Congressman Rob Bishop's office also recently received the document. Bishop said he's angry because it would put virtually all land management power in the hands of the White House.
"Of the 264 million acres under BLM management, some 130- to 140-million acres are worthy of consideration as treasured lands. These areas [are] roughly equivalent in size to Colorado and Wyoming combined." -BLM's Treasured Lanscapes paperA portion of the document was leaked back in February and led to speculation about a federal land grab in Utah. It talked about the creation of a 12 new national monuments
Now, an outside source provided KSL with the entire document, and it does suggest a dramatically new philosophy for managing federal land.
The Bureau of Land Management's document is stamped with "Internal Draft. Not for release." Titled "Treasured Landscapes," it lays out what some consider a sweeping and detailed plan for the next 25 years.
It took Bishop months to get the document, which lays out the context for the snippets released a few months ago.
"They have clearly been dragging their feet, and they don't want to let us know what they're trying to do," Bishop says.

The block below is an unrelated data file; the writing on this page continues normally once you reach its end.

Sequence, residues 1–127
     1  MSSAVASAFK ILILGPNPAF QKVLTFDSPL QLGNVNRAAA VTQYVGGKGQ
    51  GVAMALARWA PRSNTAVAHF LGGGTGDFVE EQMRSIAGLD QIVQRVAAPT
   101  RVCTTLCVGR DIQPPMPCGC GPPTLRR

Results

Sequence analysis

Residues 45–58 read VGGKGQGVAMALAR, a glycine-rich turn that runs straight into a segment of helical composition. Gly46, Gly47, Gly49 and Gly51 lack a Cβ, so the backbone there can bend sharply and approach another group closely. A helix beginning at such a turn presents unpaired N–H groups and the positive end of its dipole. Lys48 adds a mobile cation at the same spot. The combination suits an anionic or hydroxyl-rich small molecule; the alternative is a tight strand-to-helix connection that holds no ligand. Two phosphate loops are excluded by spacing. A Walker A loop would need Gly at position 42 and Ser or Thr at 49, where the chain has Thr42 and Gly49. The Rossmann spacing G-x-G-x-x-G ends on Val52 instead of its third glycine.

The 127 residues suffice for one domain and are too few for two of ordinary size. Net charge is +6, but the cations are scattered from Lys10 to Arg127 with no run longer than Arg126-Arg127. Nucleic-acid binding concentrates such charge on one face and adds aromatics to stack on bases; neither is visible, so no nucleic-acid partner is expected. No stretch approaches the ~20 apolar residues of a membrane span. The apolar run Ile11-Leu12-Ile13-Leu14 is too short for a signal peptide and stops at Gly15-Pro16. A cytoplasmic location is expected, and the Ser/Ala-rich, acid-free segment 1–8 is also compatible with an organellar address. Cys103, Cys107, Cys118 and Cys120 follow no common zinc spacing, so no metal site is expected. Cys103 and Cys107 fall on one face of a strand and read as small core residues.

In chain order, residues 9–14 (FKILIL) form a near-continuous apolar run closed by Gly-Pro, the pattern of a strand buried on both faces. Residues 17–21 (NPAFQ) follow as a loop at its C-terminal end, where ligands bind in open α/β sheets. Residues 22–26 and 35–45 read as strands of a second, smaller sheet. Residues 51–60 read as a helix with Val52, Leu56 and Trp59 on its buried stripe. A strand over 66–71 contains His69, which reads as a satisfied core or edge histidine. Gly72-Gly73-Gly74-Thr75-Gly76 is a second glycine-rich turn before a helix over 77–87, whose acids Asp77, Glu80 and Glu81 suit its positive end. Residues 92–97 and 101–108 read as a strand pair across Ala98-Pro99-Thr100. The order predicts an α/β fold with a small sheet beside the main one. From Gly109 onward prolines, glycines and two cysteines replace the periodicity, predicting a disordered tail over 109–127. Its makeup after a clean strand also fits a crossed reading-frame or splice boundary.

He is especially concerned about portions of the document that recommend using the Antiquities Act "should the legislative process not prove fruitful." The act gives the president power to designate a national monument with no public or legislative input.
The U.S. Department of the Interior released a statement Thursday that reads, in part: "The preliminary internal discussion draft reflects some brainstorming discussions within BLM, but no decisions have been made about which areas, if any, might merit more serious review and consideration." [CLICK HERE to read the entire statement]
"Their brainstorming session was how to do this without engaging Congress, without having to go to Congress for approval," Bishop said.
There are those who support what is a radical new departure in land management -- the idea of protecting whole ecosystems instead of just individual parcels.
Kirk Robinson, executive director of the Western Wildlife Conservancy, says the vision within the pages is urgently needed.
"I'd like to see some real planning developed out of it," Robinson said. "It obviously is a brainstorming kind of thing thing, but you have to do that before you take intelligent action."